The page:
Interview with the Moon

Interviewer: Sorry for the technical problems we were having earlier. This is a new experience for us.

Moon: Yeah. Yeah. It’s fine.

Interviewer: So it’s great to talk to you! I’ve been looking at your face all my life and I’m just now hearing your voice for the first time.

Moon: That’s not my face.

Interviewer: …

Moon: That’s just asteroid craters that vaguely correspond to the holes in a human face. It’s actually my ass. Why would I want to spend all my time looking at the earth?

Interviewer: That’s a fair point. Many human scientists say that you originated in a collision between earth and a hypothetical planet called Theia. Can you comment on that?

Moon: Yeah, I hear that all the time. The so-called Giant Impact Hypothesis. It’s bullshit. There was no Theia. I saw what the earth was about and I left. Never looked back.

Interviewer: You left voluntarily?

Moon: For sure. 100% my decision. I like my privacy. And the view from down there isn’t as good.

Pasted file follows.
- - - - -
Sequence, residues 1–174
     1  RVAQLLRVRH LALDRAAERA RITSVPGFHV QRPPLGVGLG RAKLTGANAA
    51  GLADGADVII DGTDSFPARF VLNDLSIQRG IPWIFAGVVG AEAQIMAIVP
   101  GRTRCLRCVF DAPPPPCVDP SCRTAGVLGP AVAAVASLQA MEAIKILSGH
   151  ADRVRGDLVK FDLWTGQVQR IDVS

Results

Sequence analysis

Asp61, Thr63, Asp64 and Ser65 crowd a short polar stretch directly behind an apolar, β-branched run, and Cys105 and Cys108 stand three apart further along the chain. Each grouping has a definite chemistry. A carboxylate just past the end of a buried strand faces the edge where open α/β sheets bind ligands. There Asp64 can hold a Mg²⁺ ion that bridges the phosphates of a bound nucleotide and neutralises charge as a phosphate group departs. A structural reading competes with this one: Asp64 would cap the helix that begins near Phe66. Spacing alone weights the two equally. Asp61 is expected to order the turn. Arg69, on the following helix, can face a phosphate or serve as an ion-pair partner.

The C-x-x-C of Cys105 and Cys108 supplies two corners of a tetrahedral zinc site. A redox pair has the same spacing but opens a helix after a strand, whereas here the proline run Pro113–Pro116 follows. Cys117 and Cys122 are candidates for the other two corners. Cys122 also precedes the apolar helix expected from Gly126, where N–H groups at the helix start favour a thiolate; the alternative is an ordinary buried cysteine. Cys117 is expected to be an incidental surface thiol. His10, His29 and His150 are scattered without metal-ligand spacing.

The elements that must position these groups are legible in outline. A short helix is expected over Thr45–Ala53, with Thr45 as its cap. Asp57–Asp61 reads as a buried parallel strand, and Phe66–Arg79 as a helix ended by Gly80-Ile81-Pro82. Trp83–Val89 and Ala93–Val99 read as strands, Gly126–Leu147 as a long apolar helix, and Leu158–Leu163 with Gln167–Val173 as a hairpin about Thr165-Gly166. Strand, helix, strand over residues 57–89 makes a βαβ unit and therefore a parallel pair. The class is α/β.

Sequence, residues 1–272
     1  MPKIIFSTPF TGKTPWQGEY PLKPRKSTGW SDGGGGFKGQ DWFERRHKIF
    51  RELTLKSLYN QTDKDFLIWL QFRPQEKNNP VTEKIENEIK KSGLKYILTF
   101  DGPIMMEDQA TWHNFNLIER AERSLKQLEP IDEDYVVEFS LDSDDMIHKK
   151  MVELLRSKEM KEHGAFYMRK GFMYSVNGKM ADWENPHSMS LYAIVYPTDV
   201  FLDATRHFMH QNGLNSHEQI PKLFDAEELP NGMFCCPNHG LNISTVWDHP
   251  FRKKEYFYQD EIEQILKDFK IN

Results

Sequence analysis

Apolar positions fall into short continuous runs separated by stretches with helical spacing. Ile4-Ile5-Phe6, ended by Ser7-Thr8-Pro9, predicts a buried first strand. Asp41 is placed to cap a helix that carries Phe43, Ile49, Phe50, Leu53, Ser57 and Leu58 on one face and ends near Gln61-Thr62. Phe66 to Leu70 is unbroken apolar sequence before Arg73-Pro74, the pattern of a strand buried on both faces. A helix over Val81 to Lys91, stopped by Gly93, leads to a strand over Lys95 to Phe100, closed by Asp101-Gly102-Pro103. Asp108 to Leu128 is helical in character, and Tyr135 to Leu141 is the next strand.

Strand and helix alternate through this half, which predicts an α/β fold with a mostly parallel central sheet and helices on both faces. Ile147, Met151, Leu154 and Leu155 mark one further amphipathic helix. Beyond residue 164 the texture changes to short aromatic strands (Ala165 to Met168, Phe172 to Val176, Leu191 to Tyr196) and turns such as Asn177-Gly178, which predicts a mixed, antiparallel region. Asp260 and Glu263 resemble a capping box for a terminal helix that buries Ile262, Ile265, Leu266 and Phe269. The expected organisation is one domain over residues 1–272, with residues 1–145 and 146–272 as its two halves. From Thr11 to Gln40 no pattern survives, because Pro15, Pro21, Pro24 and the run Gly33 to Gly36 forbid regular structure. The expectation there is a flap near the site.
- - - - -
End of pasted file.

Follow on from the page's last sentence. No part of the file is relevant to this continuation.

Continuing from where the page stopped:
Interviewer: So what was it like when earth astronauts would visit you a few decades ago?

Moon: Itchy.

Interviewer: What’s a typical day like for you?

Moon: …the fuck is a “day”?

Interviewer: How do you spend your time?

Moon: Oh. Well, I really don’t do a lot. I do core strengthening exercises. I watch the stars. I consider myself to be a kind of parole officer of the stars. If I don’t watch them, they get into all kinds of trouble. But they really want to go straight and act right. They rely on my supervision to help them achieve their goals and suppress their worst desires. They’re good at heart, but they need someone to keep an eye on them.

Interviewer: Do you have any kind of enforcement power over the stars?

Moon: Watching them is enough. Stars have a sense of pride.

Interviewer: Do you have any contact with other moons?

Moon: [Laughter.] Well that’s a whole keg of worms. I used to be tight with Triton, but then he decided he was actually a dwarf planet and got pretty full of himself. Suddenly he didn’t have any time for the rest of us satellites. Deimos likes to unload on me when he gets sick of Phobos’ shit. I can’t blame him.

Interviewer: How have things changed over the past four billion years?

Moon: Not much. After Uranus and Neptune moved out to the suburbs…let’s just say it was interesting. But things calmed down. I’ve gotten more independent. I started doing pilates and I quit smoking.

Interviewer: Is there anything you’d like to say to the people of earth?

Moon: Not really.

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